There is an emerging romanticism of self-builders who choose to build from the products of the land in the immediate vicinity. This Idea has its roots based in traditional methods of construction, utilizing surplus crop, managed woodland, coppicing or the local rock and soil types. Vernacular architecture largely had to make do with the local materials as transportation from afar was difficult. In the modern world this is not true, materials are shipped worldwide and an architect or builder can specify any material from any corner of the globe. The inherent cost of this is mainly transportation, which can also dramatically increase the embodied energy of a material. Therefore in the new age of environmental sensitivity we are starting to address these issues and once again re-evaluate the use of local materials.
With hemp it could become feasible to buy a plot of land, cultivate and harvest a crop and then build on that land with the materials produced. ‘One hectare of land can produce up to 10 tonnes of hemp’(22) which is enough to build one house. Using the material in its most basic state would remove a large part of the cost and embodied energy that is involved in processing. If situated in an area with limestone or near a lime mine, this could lead to a building which is fully rooted in its locality.
Currently, there is a high cost associated with the harvesting and processing of hemp due to a relatively robust crop that is hard to cut. With only one main processing plant in the UK the transport costs can also be high. A move to smaller localized processing facilities would drive down this economic and environmental cost.
The modern shelter is generally quality assessed and has to adhere to stringent regulations. ‘In many cases, appropriate lowtech natural building alternatives are rejected in new housing programs because they do not seem to fit with contemporary Western ideals and standards’.(23) This makes it increasingly difficult to use traditional methods of construction and materials as they do not appear to perform to the high standards required. The vernacular self build project is now often unattainable by the unskilled. However, some modern sustainable materials like straw bale and hemp-lime have been developed to meet the high standards of construction needed while still being possible to build by an unskilled workforce.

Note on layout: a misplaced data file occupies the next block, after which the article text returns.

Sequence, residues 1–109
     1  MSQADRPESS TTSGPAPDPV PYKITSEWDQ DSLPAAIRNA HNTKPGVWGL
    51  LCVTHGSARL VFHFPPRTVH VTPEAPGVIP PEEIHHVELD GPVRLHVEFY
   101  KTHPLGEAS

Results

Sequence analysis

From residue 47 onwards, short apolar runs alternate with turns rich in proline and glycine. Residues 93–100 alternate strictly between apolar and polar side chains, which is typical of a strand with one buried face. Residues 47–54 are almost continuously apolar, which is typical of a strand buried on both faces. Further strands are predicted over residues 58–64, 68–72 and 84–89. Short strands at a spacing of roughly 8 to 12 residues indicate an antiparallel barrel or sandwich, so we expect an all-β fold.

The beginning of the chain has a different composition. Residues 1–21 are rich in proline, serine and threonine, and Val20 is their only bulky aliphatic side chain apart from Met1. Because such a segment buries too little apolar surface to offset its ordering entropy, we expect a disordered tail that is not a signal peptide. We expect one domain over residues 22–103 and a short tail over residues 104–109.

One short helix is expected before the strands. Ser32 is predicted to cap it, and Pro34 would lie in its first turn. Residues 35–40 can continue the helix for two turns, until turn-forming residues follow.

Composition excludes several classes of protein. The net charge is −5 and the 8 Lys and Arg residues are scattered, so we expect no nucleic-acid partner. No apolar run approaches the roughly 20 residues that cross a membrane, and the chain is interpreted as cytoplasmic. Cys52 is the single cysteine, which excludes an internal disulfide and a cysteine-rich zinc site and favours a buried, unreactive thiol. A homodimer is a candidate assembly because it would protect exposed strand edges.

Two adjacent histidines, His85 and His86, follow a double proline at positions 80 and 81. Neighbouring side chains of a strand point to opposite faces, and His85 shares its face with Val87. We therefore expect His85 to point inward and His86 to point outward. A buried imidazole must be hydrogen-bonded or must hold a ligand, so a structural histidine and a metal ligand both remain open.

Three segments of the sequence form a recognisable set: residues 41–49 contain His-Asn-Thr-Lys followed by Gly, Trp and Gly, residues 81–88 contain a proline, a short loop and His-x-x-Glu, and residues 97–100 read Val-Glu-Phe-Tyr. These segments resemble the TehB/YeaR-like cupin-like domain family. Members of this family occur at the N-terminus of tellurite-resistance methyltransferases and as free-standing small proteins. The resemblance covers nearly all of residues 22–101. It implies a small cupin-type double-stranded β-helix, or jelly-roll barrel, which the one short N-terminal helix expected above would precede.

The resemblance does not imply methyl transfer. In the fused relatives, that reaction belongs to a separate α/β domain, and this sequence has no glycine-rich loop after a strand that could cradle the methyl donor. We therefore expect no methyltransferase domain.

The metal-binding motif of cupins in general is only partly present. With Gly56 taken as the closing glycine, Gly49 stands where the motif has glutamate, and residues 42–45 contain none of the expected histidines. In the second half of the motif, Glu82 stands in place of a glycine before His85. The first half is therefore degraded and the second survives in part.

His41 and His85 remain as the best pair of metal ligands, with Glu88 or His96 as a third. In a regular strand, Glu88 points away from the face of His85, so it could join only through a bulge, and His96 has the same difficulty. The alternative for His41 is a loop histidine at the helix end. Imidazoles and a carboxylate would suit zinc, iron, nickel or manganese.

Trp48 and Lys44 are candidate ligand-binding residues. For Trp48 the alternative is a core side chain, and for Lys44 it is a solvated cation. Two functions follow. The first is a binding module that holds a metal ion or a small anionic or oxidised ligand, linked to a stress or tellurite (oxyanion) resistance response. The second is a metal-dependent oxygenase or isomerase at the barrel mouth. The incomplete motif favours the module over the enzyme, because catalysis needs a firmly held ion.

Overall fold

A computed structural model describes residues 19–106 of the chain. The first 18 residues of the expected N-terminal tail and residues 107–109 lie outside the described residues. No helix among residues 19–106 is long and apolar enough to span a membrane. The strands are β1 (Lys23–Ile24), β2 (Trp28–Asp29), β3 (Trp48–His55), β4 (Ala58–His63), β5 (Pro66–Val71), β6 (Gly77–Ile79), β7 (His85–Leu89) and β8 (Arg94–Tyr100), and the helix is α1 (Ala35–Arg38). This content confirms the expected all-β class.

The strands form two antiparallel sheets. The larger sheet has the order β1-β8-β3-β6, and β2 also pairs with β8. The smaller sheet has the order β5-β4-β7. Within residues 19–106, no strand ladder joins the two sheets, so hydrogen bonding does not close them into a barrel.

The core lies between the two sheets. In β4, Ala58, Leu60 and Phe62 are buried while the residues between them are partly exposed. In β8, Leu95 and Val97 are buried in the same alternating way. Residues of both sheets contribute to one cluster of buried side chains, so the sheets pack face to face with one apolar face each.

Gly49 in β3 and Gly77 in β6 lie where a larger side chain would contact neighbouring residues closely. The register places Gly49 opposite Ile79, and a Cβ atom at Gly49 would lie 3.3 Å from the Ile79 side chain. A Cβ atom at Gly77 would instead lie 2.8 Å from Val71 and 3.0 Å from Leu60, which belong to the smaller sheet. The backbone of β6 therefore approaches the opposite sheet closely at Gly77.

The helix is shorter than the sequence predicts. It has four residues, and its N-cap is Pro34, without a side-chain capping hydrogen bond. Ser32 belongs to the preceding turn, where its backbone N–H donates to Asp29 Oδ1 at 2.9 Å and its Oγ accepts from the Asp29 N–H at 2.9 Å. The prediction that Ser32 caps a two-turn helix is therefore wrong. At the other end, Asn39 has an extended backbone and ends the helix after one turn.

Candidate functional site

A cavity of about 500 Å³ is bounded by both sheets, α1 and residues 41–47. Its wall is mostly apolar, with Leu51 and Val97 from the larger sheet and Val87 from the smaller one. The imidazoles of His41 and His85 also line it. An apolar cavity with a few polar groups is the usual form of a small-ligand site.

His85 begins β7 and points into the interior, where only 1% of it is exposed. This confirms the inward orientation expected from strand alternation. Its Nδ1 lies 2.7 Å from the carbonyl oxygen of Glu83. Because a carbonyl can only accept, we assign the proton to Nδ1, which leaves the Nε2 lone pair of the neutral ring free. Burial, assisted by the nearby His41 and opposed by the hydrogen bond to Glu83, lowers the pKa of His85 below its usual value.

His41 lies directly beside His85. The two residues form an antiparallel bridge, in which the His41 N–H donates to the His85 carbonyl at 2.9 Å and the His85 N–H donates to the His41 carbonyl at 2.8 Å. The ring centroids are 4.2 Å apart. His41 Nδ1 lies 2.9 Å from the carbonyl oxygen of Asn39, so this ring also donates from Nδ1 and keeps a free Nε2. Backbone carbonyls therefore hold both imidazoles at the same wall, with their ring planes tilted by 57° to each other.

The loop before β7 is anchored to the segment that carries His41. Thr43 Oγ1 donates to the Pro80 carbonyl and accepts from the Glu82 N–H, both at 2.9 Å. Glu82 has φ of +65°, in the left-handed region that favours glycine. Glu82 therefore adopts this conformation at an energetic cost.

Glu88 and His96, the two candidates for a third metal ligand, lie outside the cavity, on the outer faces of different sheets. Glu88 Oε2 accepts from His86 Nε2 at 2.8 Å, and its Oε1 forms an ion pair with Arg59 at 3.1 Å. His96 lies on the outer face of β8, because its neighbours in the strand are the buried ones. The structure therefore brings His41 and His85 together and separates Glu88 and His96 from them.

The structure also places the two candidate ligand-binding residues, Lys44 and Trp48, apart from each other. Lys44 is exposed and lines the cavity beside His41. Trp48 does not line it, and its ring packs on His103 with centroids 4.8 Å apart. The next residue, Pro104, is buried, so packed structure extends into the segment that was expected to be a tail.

Another standard of the modern shelter is its design and form. Both traditional methods of construction and straw bale are limited in their form and design capabilities. A straw bale house is limited to the module of a bale, its depth and an inherent roughness to its surface. As with many of these methods it is difficult to construct a precise form, relying more on soft lines and moulding by hand. However, with the aid of formwork, it is possible to sculpt lime-hemp into any form desired; achieving smooth surfaces much like you can with concrete. This allows the architect or builder to specify exact geometries and crisp lines, making a more contemporary aesthetic attainable.
However, hemp-lime is currently limited by the structure that frames it, usually running in orthogonal lines between timber posts, caped at the top by a timber beam. Occasionally it has been curved in plan but this involves an exercise in smoothing out a faceted framework. It is difficult to achieve such a curve in one dimension let alone two. By re-evaluating the material and exploring the potential of the hemp stalk it may be possible to achieve such feats. This could liberate hemp-lime from the grid and allow a much more organic form to be produced, more akin to the material itself. A new found flexibility would allow the material to be used in any form desired, potentially increasing its use within the construction sector.